• Significant amounts of time and resources have been spent by the AAOMS producing and analyzing data to support the early routine removal of asymptomatic third molars. Little consideration has been given to other well-established guidelines and studies around the world that differ in their recommendations for the management of these teeth.

Age

Age is a common factor in determining when asymptomatic third molars should be removed. The rationale is that early extractions are easier, less traumatic, and reduce the likelihood of complications. These reasons at first seem reasonable; however, there are many other factors to also consider:

  • Not all third molars become symptomatic or pathologic.

  • Third molars generally improve in their angulation and position relative to the occlusal plane over time. This improvement usually occurs in the first 3 decades of life. Many unerupted third molars that appear to be in a mesioangular position, for example, will actually straighten and erupt. Therefore, there is the potential of eruption in the fullness of time, and extracting them early when patients are in their teenage years requires a more invasive surgical extraction procedure, thereby increasing the likelihood of complications. On the other hand, many dentists and oral surgeons believe that extracting later when the roots are more developed will result in greater morbidity. A better way of assessing morbidity is first to consider the average proportion of third molars that can cause problems, which is about a third. We then weigh the pain associated with the extraction of all problematic third molars against the usually recommended prophylactic removal of all nonproblematic or asymptomatic ones. The morbidity associated with this assessment is actually much less.

  • Age per se is not a predisposing factor to increased complications, but, rather, with increasing age, there is an increase in health risk factors, which then influence postoperative recovery. Risk factors include smoking, sex, oral contraceptive use, experience of the surgeon, pathology associated with the third molars before surgery, mandibular third molars vs maxillary third molars, and deeper impactions. Furthermore, the study mentioned in the Point article assessed the effects of age and sex on recovery after third molar surgery. The study had some limitations and unaccounted confounding variables; however, between the 2 main age groups of 15.5 to 18 and 21 to 29 years, it showed that the difference, on average, in surgery time was a few minutes greater in the older group. The surgeons actually deemed the younger group slightly more difficult. Recovery for all lifestyle and oral function items was found to be similar between the groups; after complex statistical analyses and manipulation, the groups were shown to be at most slightly to moderately different. Clinically, these differences were minor at best. Advocating the earlier removal of third molars on the sole basis that their future extraction will result in greater complications and morbidity is simply unfounded.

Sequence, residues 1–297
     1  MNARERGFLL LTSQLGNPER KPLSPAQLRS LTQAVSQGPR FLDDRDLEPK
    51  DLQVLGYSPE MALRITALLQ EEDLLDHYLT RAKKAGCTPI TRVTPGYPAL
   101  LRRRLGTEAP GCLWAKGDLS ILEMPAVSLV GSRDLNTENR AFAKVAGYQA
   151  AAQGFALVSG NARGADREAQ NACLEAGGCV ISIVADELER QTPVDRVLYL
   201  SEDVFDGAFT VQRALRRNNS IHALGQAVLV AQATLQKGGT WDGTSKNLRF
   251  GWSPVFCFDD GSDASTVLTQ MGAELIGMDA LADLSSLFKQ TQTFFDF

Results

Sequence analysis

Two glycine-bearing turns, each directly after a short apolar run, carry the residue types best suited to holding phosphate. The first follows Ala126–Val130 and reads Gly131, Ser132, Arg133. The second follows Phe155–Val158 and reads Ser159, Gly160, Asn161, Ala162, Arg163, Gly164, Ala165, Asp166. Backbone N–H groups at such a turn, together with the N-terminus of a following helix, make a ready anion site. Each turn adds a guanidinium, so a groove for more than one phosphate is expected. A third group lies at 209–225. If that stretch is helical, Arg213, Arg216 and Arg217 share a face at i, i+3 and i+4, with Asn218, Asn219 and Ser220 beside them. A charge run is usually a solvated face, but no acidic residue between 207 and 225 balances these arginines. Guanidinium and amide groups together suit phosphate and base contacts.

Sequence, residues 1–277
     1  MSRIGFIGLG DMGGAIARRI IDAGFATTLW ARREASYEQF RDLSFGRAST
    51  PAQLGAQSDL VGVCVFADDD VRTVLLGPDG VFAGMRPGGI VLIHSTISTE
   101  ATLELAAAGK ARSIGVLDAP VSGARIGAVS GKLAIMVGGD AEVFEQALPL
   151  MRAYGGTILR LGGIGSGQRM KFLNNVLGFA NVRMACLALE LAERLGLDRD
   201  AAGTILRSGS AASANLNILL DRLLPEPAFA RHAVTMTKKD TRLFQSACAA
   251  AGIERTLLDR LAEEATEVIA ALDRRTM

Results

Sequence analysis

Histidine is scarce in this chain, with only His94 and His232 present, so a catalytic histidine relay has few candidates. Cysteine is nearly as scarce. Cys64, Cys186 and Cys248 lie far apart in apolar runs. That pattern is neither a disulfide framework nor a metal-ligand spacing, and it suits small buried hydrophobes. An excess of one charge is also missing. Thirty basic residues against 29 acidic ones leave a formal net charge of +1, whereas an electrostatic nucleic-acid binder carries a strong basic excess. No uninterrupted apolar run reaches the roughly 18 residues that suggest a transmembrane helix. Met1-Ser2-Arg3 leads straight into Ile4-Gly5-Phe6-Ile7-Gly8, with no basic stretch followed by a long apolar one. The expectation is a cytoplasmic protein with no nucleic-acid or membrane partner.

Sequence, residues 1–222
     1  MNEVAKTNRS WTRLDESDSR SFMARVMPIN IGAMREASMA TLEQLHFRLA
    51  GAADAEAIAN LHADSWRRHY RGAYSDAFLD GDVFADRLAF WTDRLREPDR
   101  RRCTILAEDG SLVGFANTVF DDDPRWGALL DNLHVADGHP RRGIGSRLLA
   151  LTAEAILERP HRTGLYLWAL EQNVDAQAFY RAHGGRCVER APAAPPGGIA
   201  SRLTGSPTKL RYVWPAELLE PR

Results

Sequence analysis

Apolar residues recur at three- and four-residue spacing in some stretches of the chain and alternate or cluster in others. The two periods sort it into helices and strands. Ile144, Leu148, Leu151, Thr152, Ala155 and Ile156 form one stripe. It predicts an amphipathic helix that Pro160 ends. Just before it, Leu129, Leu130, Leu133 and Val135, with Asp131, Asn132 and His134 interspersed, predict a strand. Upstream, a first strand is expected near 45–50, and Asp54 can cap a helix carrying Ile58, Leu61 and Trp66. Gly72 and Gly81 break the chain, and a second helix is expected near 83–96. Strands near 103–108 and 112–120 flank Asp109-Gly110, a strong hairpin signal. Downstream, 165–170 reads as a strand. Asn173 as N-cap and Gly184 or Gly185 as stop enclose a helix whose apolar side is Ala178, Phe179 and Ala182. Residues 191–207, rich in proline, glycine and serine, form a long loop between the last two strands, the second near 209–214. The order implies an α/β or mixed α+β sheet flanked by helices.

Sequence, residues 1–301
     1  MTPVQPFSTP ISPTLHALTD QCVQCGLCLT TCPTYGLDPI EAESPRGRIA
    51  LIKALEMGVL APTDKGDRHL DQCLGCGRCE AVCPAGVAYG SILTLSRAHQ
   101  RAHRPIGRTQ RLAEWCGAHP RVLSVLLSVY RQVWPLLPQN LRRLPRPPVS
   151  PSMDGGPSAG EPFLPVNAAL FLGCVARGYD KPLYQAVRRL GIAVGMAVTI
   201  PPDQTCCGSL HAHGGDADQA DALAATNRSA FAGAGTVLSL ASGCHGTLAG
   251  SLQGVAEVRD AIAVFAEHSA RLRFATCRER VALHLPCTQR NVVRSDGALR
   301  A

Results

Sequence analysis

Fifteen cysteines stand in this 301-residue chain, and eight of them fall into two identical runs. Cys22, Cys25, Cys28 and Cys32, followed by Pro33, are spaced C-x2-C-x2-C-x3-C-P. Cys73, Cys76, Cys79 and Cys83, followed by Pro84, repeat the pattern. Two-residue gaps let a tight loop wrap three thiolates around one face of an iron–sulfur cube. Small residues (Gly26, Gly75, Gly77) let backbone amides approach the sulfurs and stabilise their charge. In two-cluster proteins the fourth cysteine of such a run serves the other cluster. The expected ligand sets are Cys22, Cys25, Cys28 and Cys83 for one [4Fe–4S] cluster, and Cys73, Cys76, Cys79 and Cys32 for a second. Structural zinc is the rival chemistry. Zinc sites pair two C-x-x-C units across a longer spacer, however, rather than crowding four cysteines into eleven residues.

Age

Age is a common factor in determining when asymptomatic third molars should be removed. The rationale is that early extractions are easier, less traumatic, and reduce the likelihood of complications. These reasons at first seem reasonable; however, there are many other factors to also consider:

  • Not all third molars become symptomatic or pathologic.

  • Third molars generally improve in their angulation and position relative to the occlusal plane over time. This improvement usually occurs in the first 3 decades of life. Many unerupted third molars that appear to be in a mesioangular position, for example, will actually straighten and erupt. Therefore, there is the potential of eruption in the fullness of time, and extracting them early when patients are in their teenage years requires a more invasive surgical extraction procedure, thereby increasing the likelihood of complications. On the other hand, many dentists and oral surgeons believe that extracting later when the roots are more developed will result in greater morbidity. A better way of assessing morbidity is first to consider the average proportion of third molars that can cause problems, which is about a third. We then weigh the pain associated with the extraction of all problematic third molars against the usually recommended prophylactic removal of all nonproblematic or asymptomatic ones. The morbidity associated with this assessment is actually much less.

  • Age per se is not a predisposing factor to increased complications, but, rather, with increasing age, there is an increase in health risk factors, which then influence postoperative recovery. Risk factors include smoking, sex, oral contraceptive use, experience of the surgeon, pathology associated with the third molars before surgery, mandibular third molars vs maxillary third molars, and deeper impactions. Furthermore, the study mentioned in the Point article assessed the effects of age and sex on recovery after third molar surgery. The study had some limitations and unaccounted confounding variables; however, between the 2 main age groups of 15.5 to 18 and 21 to 29 years, it showed that the difference, on average, in surgery time was a few minutes greater in the older group. The surgeons actually deemed the younger group slightly more difficult. Recovery for all lifestyle and oral function items was found to be similar between the groups; after complex statistical analyses and manipulation, the groups were shown to be at most slightly to moderately different. Clinically, these differences were minor at best. Advocating the earlier removal of third molars on the sole basis that their future extraction will result in greater complications and morbidity is simply unfounded.

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Apr 11, 2017 | Posted by in Orthodontics | Comments Off on Evaluation and management of asymptomatic third molars: Watchful monitoring is a low-risk alternative to extraction